Burundi’s ‘Worst Enemy’: the Country’s Fight Against COVID-19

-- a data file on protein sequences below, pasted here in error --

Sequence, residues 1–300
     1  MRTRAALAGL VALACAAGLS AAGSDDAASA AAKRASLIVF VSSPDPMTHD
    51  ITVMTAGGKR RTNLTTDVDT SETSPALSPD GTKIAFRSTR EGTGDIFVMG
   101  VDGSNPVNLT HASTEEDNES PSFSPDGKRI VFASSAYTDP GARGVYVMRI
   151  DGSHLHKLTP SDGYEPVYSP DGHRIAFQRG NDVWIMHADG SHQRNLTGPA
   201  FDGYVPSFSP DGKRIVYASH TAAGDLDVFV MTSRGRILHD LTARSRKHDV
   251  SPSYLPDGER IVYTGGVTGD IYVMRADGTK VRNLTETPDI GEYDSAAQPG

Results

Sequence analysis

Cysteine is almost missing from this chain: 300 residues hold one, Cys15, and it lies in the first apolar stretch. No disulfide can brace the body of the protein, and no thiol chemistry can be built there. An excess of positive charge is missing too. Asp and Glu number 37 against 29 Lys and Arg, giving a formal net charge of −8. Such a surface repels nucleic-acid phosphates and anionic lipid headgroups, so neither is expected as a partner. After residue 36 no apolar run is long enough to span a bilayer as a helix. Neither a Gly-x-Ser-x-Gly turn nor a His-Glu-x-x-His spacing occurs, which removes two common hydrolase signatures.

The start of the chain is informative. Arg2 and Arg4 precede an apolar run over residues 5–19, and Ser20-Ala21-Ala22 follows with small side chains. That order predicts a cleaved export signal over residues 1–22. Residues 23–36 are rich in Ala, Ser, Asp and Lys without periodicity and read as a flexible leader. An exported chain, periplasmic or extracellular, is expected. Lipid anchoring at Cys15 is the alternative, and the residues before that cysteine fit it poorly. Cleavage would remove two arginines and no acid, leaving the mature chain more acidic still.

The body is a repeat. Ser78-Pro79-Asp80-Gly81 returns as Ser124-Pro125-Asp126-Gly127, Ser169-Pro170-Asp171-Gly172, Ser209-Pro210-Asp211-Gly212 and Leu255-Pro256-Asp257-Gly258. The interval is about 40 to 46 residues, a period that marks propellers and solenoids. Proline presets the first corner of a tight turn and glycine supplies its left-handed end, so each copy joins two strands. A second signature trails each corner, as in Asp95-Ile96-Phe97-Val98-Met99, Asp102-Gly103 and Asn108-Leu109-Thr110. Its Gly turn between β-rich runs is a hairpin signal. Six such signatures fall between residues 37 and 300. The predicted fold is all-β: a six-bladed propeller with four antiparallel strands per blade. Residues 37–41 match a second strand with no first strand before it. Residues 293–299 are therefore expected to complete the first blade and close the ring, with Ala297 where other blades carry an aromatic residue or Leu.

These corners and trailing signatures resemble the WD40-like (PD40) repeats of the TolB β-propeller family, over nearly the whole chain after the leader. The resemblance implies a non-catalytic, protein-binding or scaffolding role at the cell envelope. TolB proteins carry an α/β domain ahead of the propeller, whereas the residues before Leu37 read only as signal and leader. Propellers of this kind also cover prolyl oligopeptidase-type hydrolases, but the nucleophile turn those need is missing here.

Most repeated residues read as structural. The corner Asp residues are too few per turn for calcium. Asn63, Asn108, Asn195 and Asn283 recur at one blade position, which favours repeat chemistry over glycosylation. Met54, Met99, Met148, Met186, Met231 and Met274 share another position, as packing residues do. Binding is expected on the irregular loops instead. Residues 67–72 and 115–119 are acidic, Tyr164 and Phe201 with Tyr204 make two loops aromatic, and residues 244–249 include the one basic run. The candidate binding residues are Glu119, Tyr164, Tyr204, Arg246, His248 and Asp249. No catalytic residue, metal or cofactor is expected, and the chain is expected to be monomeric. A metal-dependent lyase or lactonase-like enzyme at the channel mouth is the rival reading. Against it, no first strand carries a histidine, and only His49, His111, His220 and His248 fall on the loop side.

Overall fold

Coronavirus disease 2019 (COVID-19) has proved to be a severe global public health threat, causing high infection rates and mortality worldwide. Burundi was not spared the adverse health outcomes of COVID-19. Although Burundi’s initial response to the COVID-19 pandemic was criticized, hope arose in June 2020 when the new government instituted a plan to slow virus transmission that included public health campaigns, international travel restrictions, and mass testing, all of which proved effective. Burundi has faced many challenges in containing the virus, the first of which was the lack of initial preparedness and appropriate response to COVID-19. This was exacerbated by factors including shortages of personal protective equipment (PPE), limited numbers of life-saving ventilators (around 12 ventilators as of April 2020), and the presence of only one COVID-19 testing center with less than ten technicians in July 2020. Moreover, as Burundi is amongst the poorest countries in the world, some citizens were unable to access necessities such as water and soap, required for compliance with government recommendations regarding hygiene. Interestingly, Burundi did not implement a nationwide lockdown, allowing mass gatherings and public services to continue as usual due to a firm belief in God’s protection. As the daily confirmed cases have tripled since December 2020, Burundi must prepare itself for the threat of a new wave. Establishing precautionary measures to contain the virus and strengthening the health surveillance system in Burundi would significantly positively impact the prevention and management of COVID-19.
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